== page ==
verse

noun
\ ˈvərs How to pronounce verse (audio) \

Definition of verse

 (Entry 1 of 2)

1 : a line of metrical writing
2a(1) : metrical language
(2) : metrical writing distinguished from poetry especially by its lower level of intensity
b : poem
c : a body of metrical writing (as of a period or country)
4 : one of the short divisions into which a chapter of the Bible is traditionally divided

verse

verb
versed; versing

Definition of verse (Entry 2 of 2)

intransitive verb

: to make verse : versify

transitive verb

1 : to tell or celebrate in verse
2 : to turn into verse

Synonyms for verse

Synonyms: Noun

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Examples of verse in a Sentence

Noun The epic tale was written in verse. The second verse is sung the same way as the first.
Recent Examples on the Web: Noun Even the quiet and introspective practice of reading or reciting a prayer can be a form of stress-relief within itself — and if the verse happens to relate to your current emotions, then that's even better. Jackie Frere, Woman's Day, 3 May 2022 The verse and scenes in the video tell the story of Topolia and his family on the first day of Russia’s invasion of Ukraine. Washington Post, 29 Apr. 2022 And this way of viewing the transition is now typically accepted even by those, such as Heaney, who prefer the earlier verse and lament what was lost. Alan Jacobs, Harper’s Magazine , 27 Apr. 2022 Belle Époque verse drama, at least as typically rendered in English, are finally fully swept away. New York Times, 14 Apr. 2022 All the way from an open verse challenge on TikTok. Darlene Aderoju, Billboard, 8 Apr. 2022 Childers and Weir start the song off with their guitars, Childers handling the fingerstyle figure that opens it and Weir peeling off the song’s signature bend before the verse kicks in. Jon Freeman, Rolling Stone, 4 Apr. 2022 According to the Sifra on this verse, here we are told additional laws: that circumcision must be performed during the day and even on Shabbat. Rabbi Avi Weiss, sun-sentinel.com, 28 Mar. 2022 In each of their black-and-white videos, usually about ten minutes long, a handful of characters, most of them acted by Mary, tell a story in rhyming verse full of off-kilter wordplay, double entendres, and semantic switcheroos. Elvia Wilk, The New York Review of Books, 23 Mar. 2022 See More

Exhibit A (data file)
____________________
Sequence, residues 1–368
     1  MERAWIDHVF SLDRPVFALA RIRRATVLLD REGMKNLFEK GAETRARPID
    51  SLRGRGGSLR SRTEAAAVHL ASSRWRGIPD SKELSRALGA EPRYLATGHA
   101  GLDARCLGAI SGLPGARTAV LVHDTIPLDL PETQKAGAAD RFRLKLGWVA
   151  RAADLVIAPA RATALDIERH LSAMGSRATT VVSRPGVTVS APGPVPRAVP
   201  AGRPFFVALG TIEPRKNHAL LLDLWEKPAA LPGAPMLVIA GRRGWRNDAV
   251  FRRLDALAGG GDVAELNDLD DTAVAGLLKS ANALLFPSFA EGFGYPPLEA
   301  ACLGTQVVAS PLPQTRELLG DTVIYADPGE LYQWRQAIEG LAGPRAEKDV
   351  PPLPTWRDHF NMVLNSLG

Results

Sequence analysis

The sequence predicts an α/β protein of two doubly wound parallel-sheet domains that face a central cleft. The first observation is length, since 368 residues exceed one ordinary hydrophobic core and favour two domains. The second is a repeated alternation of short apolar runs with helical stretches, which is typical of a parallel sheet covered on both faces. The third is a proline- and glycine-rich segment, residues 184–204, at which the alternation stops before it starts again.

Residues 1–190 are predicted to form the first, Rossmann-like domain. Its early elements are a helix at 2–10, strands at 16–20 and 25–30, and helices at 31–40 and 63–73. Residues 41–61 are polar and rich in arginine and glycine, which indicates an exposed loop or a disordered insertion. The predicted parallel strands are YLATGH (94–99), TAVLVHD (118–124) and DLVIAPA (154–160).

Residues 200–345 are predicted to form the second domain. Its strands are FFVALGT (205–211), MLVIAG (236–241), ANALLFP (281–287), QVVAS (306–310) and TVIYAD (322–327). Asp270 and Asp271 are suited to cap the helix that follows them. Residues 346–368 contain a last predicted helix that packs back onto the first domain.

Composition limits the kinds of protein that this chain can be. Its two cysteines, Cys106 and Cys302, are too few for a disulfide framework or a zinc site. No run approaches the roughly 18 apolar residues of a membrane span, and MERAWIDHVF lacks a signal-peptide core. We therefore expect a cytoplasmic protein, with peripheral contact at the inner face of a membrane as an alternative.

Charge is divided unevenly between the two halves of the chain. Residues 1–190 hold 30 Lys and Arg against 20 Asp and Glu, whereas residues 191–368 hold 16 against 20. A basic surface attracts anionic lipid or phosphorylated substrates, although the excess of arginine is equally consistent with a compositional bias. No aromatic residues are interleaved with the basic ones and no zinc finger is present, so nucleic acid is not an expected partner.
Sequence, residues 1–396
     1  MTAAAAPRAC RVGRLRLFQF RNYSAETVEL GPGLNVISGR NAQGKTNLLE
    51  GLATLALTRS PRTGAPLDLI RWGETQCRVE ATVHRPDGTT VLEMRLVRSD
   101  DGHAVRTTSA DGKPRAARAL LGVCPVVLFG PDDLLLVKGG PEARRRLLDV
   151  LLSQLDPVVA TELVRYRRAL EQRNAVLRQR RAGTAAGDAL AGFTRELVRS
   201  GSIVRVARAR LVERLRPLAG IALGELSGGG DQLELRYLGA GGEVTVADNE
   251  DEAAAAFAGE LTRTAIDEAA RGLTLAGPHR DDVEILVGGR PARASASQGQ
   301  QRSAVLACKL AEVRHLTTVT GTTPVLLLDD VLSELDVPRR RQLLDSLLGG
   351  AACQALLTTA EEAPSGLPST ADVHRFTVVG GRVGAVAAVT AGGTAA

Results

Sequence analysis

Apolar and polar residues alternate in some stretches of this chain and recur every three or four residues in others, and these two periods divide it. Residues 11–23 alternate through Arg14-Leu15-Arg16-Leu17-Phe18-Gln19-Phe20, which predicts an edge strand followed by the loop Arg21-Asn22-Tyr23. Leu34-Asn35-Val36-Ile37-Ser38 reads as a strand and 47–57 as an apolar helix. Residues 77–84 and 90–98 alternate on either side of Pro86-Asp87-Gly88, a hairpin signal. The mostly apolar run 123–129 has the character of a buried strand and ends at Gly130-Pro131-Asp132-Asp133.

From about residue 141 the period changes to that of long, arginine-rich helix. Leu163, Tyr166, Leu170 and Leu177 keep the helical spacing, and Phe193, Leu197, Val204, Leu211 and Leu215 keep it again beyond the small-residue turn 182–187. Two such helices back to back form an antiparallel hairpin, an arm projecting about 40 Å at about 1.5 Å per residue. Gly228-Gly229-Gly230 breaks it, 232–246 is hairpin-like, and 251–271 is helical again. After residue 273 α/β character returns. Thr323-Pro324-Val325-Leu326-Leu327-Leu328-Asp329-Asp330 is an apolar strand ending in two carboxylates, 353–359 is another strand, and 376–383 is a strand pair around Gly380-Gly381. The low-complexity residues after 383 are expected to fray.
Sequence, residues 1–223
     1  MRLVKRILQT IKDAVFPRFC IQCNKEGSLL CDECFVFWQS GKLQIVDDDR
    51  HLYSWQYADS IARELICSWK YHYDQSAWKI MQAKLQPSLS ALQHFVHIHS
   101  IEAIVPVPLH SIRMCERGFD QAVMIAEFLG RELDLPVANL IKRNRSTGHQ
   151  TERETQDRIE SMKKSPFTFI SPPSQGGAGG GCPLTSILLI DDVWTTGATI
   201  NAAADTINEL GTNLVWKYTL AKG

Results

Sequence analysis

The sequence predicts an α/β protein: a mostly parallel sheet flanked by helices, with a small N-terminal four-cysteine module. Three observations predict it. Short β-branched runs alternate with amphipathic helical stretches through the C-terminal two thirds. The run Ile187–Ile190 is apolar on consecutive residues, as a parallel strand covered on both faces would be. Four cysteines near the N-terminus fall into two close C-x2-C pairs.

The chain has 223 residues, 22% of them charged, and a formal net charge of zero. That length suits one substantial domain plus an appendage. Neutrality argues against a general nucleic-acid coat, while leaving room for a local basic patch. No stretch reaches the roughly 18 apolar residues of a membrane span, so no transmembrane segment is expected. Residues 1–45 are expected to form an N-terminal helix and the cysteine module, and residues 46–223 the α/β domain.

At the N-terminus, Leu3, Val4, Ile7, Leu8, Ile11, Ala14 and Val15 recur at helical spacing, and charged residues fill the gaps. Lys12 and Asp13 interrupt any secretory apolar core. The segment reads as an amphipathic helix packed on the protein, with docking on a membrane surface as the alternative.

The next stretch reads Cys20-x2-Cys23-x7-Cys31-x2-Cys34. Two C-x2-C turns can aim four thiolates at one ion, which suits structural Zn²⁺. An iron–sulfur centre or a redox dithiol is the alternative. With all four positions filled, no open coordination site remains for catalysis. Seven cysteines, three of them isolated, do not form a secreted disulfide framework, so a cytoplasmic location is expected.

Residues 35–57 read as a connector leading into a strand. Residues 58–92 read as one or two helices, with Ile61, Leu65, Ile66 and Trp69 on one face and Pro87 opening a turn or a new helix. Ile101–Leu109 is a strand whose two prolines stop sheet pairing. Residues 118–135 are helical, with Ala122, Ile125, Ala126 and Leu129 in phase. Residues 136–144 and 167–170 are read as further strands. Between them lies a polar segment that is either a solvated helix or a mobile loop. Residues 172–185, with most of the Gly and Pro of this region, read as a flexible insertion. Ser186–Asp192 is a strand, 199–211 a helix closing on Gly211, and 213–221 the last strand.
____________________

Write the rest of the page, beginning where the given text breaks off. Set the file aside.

These example sentences are selected automatically from various online news sources to reflect current usage of the word 'verse.' Views expressed in the examples do not represent the opinion of Merriam-Webster or its editors. Send us feedback.

First Known Use of verse

Noun

before the 12th century, in the meaning defined at sense 1

Verb

before the 12th century, in the meaning defined at intransitive sense

History and Etymology for verse

Noun

Middle English vers, fers, in part borrowed from Anglo-French vers, verse in part going back to Old English fers, both borrowed from Latin versus "furrow, measure of land, row, line, line of writing, line of metrical writing," action noun derived from vertere "to cause to turn, rotate," — more at worth entry 1

Verb

Middle English versen, in part verbal derivative of vers, fers verse entry 1 in part going back to Old English fersian "to versify," verbal derivative of fers verse entry 1

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Time Traveler for verse

Time Traveler

The first known use of verse was before the 12th century

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Dictionary Entries Near verse

vers de société

verse

verse anthem

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Statistics for verse

Last Updated

10 May 2022

Cite this Entry

“Verse.” Merriam-Webster.com Dictionary, Merriam-Webster, https://www.merriam-webster.com/dictionary/verse. Accessed 17 May. 2022.

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More Definitions for verse

verse

noun
\ ˈvərs How to pronounce verse (audio) \

Kids Definition of verse

1 : a portion of a poem or song : stanza
2 : writing in which words are arranged in a rhythmic pattern
3 : one of the short parts of a chapter in the Bible

More from Merriam-Webster on verse

Nglish: Translation of verse for Spanish Speakers

Britannica English: Translation of verse for Arabic Speakers

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